Mastercard Details Prime Day Impact, Issues Holiday Forecast
Retail sales increased 8.3% and e-commerce sales increased 66.5% during the week of Oct. 11, according to Mastercard SpendingPulse data released Oct. 28.
Although Prime Day wasn’t specifically mentioned as the driver of the growth, the annual Amazon promotion was held Oct. 13-14 and other notable retailers responded with promotions of their own as has been the case in prior years when Amazon scheduled the event in July. As result of “major cyber promotions,” the holiday shopping season is well underway, according to Mastercard SpendingPulse, a retail sales measurement tool that provides an accurate look at sales by aggregating sales activity in the Mastercard payments network and combining it with estimates for other payment forms such as cash and check.
Given the strong start in October, Mastercard SpendingPulse is forecasting U.S. retail sales to grow 2.4% excluding automotive and gas, from Oct. 11 through Dec. 24, compared to the same time period last year.
“This year may look different than years past, but I’m optimistic as the sales outlook is far better than economists might have expected earlier in the year. To put it in perspective, the 2008 recession saw holiday season declines of -3.5%, so this could be a happy holidays indeed,” said Steve Sadove, a senior advisor for Mastercard and the former CEO and chairman of Saks Inc.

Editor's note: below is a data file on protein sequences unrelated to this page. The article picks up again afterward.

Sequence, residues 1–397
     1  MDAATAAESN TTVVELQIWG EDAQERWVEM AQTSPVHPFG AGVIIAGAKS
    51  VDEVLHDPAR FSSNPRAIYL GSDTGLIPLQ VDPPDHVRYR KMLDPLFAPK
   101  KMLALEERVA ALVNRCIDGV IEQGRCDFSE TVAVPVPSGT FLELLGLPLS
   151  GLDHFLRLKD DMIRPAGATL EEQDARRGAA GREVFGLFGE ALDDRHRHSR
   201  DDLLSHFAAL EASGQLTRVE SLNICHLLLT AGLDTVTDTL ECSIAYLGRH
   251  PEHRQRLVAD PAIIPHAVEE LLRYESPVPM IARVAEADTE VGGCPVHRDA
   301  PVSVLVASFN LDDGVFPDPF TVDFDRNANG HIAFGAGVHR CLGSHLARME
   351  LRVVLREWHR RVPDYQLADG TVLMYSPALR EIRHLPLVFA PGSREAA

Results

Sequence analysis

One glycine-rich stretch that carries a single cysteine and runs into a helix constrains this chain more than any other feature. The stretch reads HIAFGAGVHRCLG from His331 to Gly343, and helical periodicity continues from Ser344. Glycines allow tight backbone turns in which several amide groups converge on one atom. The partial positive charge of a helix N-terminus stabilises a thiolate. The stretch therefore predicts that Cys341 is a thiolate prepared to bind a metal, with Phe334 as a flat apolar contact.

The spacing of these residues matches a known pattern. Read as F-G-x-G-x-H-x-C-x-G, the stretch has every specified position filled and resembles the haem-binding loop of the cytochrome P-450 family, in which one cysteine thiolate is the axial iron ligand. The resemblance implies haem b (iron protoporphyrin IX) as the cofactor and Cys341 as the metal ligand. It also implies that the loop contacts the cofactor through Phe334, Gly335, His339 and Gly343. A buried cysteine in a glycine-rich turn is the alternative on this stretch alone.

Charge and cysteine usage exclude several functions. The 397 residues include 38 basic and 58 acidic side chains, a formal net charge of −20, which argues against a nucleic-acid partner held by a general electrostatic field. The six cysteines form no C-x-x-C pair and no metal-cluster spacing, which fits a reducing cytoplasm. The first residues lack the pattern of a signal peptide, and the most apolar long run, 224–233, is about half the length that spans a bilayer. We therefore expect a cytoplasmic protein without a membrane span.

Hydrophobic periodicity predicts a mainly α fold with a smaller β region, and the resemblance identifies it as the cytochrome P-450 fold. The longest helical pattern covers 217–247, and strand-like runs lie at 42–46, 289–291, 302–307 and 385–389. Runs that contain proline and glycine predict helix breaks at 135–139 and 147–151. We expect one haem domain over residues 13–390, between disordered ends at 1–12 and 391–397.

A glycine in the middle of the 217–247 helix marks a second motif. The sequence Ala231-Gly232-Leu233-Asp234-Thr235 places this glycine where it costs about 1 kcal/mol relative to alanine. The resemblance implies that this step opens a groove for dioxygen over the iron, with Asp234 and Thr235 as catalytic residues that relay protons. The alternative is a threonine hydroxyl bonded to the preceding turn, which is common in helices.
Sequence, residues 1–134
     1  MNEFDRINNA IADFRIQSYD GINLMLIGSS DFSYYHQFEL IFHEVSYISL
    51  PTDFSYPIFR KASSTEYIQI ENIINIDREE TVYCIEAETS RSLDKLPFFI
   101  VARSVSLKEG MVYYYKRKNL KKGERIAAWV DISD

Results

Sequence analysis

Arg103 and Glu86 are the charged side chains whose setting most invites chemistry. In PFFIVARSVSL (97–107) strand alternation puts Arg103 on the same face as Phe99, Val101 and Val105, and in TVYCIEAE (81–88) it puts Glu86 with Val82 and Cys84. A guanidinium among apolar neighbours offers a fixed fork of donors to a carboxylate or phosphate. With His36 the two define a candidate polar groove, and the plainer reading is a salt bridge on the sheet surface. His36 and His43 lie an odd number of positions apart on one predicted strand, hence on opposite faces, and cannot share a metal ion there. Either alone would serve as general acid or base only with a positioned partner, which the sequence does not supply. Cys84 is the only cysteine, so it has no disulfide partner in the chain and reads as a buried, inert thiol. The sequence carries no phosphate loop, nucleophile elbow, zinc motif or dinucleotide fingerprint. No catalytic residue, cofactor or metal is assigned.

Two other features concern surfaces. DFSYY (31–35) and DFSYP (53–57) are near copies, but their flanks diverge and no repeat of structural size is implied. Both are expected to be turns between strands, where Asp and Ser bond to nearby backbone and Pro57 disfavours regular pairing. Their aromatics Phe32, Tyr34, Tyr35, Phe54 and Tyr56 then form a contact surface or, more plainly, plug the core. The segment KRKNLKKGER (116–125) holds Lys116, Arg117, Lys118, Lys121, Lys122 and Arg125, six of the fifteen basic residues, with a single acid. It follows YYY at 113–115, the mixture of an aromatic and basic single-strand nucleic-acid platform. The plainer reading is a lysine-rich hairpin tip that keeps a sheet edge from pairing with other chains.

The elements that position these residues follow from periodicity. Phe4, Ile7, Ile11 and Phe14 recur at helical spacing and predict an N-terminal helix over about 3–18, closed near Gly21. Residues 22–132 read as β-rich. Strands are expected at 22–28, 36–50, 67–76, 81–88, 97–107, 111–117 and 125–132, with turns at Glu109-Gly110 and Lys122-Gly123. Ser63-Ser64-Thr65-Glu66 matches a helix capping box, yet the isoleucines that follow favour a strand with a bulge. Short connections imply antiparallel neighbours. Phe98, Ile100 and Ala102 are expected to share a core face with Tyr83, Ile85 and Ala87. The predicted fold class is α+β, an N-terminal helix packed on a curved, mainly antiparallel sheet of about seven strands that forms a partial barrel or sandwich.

Here are some of Mastercard’s other retail insights and holiday predictions.
- Online, anytime points to record e-commerce highs: Online sales growth has fueled retail through the pandemic. With social distancing measures in place and health concerns running high, e-commerce’s share of overall retail sales is expected to jump from approximately 14% in 2019 to more than 20% in 2020.
- ‘Tis the season—earlier than ever: Online deals started in October with major e-commerce promotions serving as important milestones. We can expect this to continue into November with Singles Day in China and extending through the season.
- Shopping local, shopping small. With mobility impacted by the pandemic, and many consumers still working remotely and children attending school virtually or on a limited in-person basis, many consumers turned to their neighborhood stores and suppliers. This shrinking “retail radius” is also contributing to the shift to e-commerce.
- Travelers remain grounded: With international travel restricted, many families will be staying home—or traveling locally this holiday season. This will have a ripple effect, impacting larger cities as well as the luxury stores and hospitality companies that cater to overseas tourists.
- Reimagining brick and mortar stores—with a focus on the omnichannel experience: Caution and convenience remain top of mind for many consumers, and retailers are responding accordingly. Buy online, pick up in store as well as technologies like contactless will remain important as retailers establish innovative ways to allow this type of low-contact experience.